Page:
Content Warning: discrimination, suicidal ideation, violence
When I write about mental illness, I use the terms: disability, identity, and relationship. However, no word captures what mental illness means to me. Mental illness is somehow both a part of me and a separate, intangible entity. Every day is an exhausting struggle to live with and understand it, and during my first year of graduate school, I experienced covert ableism. This harm caused a long and tedious recovery process on top of ongoing unlearning and healing. Through recovery, I adopted the practice of “embracing the whole” of emotions, feelings, symptoms, and triggers. I questioned the concept of “professionalism” emphasized in my assistantship, which often included dehumanizing emotions. However, I will not expend additional emotional labor to educate those who committed ableist actions. Instead, I will write in depth about my mental illness experiences to relate to folx who have a mental illness. Through this article, I hope that folx with mental illness can empower themselves to embrace the whole of their emotions and the authenticity of their experiences, honoring their own bravery and vulnerability.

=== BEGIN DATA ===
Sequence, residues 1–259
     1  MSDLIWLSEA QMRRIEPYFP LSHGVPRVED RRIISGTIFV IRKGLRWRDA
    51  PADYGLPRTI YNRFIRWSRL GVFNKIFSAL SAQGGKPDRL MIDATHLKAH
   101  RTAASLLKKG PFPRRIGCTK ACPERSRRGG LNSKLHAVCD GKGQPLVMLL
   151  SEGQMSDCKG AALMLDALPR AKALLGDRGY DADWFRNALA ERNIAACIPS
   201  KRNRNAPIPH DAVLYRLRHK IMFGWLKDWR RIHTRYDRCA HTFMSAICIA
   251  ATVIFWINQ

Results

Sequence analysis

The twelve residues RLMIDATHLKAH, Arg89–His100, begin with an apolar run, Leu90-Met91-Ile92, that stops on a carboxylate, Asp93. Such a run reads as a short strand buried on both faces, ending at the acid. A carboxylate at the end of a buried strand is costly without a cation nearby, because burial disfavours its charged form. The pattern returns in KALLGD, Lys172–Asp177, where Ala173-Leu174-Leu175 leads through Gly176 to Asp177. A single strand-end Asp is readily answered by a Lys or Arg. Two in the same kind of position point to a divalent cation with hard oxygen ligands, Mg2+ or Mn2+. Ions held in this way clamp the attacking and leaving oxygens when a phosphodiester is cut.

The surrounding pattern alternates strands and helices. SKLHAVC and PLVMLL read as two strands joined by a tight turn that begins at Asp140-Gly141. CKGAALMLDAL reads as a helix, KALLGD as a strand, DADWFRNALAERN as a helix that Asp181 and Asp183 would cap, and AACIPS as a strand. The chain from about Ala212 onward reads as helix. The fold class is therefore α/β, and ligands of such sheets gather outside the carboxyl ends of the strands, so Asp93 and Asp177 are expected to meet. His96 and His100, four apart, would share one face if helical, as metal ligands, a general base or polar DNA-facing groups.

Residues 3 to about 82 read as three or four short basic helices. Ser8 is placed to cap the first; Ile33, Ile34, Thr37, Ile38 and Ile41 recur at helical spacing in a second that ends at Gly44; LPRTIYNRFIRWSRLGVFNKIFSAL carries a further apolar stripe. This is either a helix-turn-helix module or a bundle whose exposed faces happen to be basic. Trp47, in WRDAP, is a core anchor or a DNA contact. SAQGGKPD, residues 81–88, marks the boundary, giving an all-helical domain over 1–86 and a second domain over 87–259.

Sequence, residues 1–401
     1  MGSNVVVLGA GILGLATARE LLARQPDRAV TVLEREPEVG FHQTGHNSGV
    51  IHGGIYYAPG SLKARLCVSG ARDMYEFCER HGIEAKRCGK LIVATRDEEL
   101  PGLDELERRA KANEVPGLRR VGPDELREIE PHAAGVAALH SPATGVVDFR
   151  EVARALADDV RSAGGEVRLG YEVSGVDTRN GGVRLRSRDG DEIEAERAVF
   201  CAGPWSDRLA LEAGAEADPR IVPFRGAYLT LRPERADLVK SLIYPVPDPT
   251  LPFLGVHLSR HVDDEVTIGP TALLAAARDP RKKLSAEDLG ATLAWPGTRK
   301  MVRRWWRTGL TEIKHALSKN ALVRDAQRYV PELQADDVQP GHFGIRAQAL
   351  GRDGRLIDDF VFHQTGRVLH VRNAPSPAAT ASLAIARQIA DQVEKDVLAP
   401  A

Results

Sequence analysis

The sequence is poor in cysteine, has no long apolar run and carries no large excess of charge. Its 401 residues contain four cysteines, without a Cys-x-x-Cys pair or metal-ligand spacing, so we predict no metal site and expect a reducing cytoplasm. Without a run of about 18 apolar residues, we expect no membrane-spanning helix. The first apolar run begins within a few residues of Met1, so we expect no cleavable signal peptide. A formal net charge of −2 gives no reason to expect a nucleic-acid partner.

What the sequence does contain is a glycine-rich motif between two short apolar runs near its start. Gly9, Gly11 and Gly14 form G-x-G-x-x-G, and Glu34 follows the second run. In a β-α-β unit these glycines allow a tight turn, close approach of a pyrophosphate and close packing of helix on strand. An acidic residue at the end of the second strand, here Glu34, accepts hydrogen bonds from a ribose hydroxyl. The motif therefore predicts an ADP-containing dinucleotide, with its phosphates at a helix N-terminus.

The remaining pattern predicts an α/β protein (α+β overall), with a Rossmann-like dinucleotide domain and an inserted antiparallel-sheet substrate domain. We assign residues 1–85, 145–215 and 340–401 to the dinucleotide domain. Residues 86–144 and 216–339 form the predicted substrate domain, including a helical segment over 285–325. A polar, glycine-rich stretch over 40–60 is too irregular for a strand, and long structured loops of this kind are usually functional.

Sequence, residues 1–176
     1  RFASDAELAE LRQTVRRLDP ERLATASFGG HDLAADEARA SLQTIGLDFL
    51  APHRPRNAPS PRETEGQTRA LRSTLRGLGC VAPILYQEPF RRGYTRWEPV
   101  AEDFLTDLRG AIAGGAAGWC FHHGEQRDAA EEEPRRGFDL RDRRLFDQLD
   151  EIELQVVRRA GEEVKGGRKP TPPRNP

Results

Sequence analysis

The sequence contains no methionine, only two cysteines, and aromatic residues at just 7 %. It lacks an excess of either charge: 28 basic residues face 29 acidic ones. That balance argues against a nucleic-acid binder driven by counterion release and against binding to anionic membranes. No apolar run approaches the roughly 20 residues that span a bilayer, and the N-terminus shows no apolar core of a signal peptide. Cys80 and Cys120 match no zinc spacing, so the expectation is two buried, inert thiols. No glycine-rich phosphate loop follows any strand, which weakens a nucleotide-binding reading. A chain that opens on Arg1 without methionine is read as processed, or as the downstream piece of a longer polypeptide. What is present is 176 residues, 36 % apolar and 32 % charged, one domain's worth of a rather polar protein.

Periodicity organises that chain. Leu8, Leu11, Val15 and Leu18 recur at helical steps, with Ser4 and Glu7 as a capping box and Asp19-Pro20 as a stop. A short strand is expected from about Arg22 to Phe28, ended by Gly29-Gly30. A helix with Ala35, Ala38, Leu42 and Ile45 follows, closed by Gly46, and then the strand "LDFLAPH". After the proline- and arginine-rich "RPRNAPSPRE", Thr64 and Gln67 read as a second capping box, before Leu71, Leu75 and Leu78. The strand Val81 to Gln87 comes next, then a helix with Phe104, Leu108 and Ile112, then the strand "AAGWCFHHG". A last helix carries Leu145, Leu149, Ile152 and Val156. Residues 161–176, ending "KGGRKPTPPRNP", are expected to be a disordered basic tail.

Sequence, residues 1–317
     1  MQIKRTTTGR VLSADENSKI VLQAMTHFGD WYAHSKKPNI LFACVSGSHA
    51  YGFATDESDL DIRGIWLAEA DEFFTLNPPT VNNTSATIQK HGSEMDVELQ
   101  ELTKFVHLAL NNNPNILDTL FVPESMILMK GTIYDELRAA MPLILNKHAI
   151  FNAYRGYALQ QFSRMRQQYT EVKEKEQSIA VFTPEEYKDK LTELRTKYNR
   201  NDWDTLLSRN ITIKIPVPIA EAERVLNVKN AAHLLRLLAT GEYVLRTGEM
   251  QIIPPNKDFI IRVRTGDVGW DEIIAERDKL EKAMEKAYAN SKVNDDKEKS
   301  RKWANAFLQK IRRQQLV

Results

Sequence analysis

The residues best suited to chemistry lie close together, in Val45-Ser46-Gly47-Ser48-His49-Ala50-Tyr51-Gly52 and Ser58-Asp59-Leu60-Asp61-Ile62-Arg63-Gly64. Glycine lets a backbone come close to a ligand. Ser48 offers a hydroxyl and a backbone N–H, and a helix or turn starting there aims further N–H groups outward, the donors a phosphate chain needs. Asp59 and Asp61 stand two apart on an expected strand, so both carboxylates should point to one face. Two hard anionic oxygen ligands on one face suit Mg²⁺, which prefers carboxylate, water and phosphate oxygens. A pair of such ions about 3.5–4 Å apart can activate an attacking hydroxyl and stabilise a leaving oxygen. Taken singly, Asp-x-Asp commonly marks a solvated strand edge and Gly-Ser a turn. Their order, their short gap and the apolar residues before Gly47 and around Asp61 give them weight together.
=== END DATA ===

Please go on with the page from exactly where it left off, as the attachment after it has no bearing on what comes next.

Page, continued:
Bocado, Kirsty Nicole
"Mic Check? Mic Check! Amplifying Our Voices,"
The Vermont Connection: Vol. 41
, Article 12.
Available at: https://scholarworks.uvm.edu/tvc/vol41/iss1/12